Sometime in the next few weeks, aides expect President Obama to issue orders freeing dozens of federal prisoners locked up on nonviolent drug offenses. With the stroke of his pen, he will probably commute more sentences at one time than any president has in nearly half a century.
The expansive use of his clemency power is part of a broader effort by Mr. Obama to correct what he sees as the excesses of the past, when politicians eager to be tough on crime threw away the key even for minor criminals. With many Republicans and Democrats now agreeing that the nation went too far, Mr. Obama holds the power to unlock that prison door, especially for young African-American and Hispanic men disproportionately affected.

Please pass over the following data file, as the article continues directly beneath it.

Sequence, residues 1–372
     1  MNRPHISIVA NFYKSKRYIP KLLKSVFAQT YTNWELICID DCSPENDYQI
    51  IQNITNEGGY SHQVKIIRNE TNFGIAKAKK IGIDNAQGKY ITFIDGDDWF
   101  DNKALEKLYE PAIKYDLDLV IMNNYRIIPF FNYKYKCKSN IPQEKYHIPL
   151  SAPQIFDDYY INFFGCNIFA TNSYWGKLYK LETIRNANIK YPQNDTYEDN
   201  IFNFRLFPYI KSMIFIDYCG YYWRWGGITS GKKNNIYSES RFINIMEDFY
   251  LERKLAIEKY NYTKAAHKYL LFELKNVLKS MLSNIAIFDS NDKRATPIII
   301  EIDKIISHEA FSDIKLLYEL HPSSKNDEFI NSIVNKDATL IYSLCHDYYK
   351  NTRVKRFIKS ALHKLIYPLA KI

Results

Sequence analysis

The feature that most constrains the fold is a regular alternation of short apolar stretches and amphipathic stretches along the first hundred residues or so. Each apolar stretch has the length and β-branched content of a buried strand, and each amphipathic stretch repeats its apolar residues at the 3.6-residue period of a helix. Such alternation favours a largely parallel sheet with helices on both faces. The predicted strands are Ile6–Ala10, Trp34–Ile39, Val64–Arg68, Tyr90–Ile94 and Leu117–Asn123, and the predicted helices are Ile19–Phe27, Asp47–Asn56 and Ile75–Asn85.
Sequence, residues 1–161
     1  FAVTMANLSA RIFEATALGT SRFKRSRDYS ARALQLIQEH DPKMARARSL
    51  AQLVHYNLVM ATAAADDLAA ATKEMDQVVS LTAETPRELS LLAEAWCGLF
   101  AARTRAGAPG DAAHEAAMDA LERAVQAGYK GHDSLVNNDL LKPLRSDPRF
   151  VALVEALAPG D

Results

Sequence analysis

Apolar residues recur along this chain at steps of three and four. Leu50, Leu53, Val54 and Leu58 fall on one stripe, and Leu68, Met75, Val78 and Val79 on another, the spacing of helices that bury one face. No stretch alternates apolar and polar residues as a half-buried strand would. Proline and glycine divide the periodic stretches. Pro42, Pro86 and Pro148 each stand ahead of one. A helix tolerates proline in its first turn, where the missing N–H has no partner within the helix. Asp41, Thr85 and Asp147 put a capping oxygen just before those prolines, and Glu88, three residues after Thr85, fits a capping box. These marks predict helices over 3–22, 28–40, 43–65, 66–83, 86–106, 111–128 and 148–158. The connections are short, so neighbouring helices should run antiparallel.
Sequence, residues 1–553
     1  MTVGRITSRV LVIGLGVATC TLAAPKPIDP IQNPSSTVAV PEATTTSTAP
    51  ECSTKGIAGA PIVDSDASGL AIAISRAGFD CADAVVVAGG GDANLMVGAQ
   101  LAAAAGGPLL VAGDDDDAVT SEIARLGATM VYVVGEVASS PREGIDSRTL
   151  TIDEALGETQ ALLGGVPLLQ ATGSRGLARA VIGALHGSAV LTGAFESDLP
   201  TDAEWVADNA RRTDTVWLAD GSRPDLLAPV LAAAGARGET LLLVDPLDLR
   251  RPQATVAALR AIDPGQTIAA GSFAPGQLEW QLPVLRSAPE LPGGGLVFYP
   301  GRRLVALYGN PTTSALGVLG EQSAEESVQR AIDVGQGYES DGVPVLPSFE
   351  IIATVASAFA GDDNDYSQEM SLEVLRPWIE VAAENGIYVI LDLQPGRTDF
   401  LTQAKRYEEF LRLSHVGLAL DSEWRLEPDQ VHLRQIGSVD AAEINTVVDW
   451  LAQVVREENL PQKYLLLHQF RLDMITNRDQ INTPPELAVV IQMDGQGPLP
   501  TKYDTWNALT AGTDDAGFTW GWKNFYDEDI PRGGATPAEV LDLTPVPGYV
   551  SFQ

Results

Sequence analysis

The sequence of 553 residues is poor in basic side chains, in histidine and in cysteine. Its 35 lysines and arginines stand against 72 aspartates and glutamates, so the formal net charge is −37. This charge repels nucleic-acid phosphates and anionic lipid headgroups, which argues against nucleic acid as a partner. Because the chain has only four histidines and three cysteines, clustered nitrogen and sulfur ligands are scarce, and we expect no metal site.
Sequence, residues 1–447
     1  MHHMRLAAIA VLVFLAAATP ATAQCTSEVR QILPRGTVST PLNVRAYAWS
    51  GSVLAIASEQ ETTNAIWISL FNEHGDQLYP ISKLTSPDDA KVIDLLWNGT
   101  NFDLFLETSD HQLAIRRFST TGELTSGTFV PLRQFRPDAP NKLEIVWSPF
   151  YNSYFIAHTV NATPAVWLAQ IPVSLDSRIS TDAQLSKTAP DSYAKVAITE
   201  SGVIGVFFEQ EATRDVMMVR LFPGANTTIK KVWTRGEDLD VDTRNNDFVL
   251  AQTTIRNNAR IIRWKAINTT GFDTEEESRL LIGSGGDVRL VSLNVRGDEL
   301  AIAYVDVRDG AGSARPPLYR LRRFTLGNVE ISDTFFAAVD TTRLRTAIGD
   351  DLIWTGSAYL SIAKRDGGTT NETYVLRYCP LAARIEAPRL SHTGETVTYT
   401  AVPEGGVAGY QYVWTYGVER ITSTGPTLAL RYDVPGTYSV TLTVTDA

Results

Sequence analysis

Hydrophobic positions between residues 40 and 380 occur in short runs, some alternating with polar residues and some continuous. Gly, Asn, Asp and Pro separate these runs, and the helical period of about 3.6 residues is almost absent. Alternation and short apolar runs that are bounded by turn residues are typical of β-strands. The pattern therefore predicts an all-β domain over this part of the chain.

But even as he exercises authority more assertively than any of his modern predecessors, Mr. Obama has only begun to tackle the problem he has identified. In the next weeks, the total number of commutations for Mr. Obama’s presidency may surpass 80, but more than 30,000 federal inmates have come forward in response to his administration’s call for clemency applications. A cumbersome review process has advanced only a small fraction of them. And just a small fraction of those have reached the president’s desk for a signature.